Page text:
are all references to ancestry.

Mac is the Gaelic word for son. It is now often abbreviated to "Mc", but
originally it was the longer word and normally followed by a space and
then the surname. There is a tradition that Mac is Irish and Mc is
Scottish, but this is false. Both variations are in wide use in both
countries.

O is really a word all by itself, it means "grandson". Only in recent
years has it been attached to the surname with an apostrophe.

In ancient Ireland, there were no fixed surnames. A man was known as the
the "son of" his father's first name. Occaisionally a man would be known
by his grandfather's name (by the word O) if his grandfather was
especially noteworthy. Around the twelfth century, most all of Europe
and England adopted standardized surnames. Irish families did the same.

The other distinctively Irish prefix is Fitz, as in Fitzgerald or
FitzAlan. This is a Norman French prefix, brought to Ireland by the
Normans who previously had lived in England. It is derived from the
French word fils, meaning "son of". Therefore, Fitz and Mac mean about
the same and were interchangeable at one time.

It is now common for the O and Mac prefixes to be eliminated entirely.

The original Celtic words are listed in parentheses.

Barry - from the Norman French surname de Barri

Brennan - O Braonain, descendant of Braonain (a word for "sorrow")

Burke - from the Norman French surname de Burgh or de Bourg

Byrne - O Broin, descendant of Broin (bran means "raven")

Casey - O Cathasaigh, descendant of Cathasaigh (cathasach means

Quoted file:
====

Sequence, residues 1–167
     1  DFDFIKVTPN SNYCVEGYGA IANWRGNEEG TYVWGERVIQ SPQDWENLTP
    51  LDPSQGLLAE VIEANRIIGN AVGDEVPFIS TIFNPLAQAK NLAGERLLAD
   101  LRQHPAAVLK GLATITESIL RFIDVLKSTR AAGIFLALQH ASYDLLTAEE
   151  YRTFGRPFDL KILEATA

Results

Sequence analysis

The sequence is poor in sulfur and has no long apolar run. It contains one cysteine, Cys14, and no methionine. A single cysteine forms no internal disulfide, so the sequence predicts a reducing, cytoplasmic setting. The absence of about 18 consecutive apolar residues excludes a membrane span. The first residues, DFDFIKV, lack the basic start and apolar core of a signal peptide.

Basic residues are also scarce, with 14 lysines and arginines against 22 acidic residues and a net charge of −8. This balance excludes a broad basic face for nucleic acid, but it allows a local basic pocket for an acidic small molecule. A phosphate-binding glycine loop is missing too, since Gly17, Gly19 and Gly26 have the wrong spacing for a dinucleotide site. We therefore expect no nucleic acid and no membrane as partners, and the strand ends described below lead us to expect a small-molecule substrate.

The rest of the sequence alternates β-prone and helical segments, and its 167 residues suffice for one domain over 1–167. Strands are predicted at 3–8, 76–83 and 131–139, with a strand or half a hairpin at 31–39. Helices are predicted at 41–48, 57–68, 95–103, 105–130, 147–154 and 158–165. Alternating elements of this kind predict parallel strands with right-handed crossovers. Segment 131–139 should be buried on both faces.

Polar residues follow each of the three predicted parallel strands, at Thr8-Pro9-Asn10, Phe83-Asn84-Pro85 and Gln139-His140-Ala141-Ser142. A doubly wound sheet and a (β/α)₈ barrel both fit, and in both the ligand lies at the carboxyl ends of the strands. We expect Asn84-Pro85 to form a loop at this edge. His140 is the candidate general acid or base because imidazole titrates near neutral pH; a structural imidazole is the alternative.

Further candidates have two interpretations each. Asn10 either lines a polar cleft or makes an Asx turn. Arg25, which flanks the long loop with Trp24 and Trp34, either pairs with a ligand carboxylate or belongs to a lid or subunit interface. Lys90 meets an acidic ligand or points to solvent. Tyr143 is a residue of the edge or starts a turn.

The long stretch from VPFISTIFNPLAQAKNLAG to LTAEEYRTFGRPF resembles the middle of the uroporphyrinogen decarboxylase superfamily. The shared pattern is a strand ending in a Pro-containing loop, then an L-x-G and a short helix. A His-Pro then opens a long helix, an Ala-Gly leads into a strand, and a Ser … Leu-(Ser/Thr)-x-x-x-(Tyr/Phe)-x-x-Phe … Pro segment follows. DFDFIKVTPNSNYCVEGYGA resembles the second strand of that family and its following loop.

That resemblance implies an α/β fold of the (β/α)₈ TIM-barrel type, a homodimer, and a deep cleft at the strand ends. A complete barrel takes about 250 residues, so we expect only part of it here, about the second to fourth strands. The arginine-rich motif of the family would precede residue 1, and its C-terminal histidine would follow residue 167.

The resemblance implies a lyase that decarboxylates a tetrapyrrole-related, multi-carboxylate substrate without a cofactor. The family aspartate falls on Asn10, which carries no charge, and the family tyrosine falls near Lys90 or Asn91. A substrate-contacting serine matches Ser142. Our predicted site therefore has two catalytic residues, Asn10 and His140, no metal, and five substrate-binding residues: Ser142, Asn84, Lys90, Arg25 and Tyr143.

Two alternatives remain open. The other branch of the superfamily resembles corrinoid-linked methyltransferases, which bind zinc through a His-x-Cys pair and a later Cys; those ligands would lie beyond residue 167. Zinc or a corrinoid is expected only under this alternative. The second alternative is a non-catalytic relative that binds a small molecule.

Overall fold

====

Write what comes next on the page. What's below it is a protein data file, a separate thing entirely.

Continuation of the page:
"watchful")

Daly - O Dalaigh, descendant of Dalaigh (dalach means "assemblyman")

Donohue - O Donnchadha, descendant of Donnchadha (donn means "brown
haired")

Dunne - O Duinne, a descendant of Duinn (donn means "brown" or "brown
haired"

Fitzgerald - son of Gerald (a Norman French name)

Fitzpatrick - This name was originally Mac Giolla Padraig, meaning a
descendant of a devotee of St. Patrick. In later years the Mac
prefix was changed to the Norman "Fitz".

Flynn - O Floinn, descendant of Floinn (flann, meaning "ruddy")

Kelly - O Ceallaigh, descendant of Ceallaigh (ceallach is the word for
"strife"

Kennedy - O Cinneide, descendant of Cinneide (ceann means "head",
eidigh means "ugly")

Lynch - from the Norman French surname de Lench

McCarthy - Mac Carthaigh, descendant of Carthaigh (carthach means
"loving")

Murphy - O Murchadha, descendant of a murchadh (sea warrior)

O'Brien - O Briain, descendant of Briain (Brian Boru)

O'Connor - O Conchobhair, descendant of Conchobhair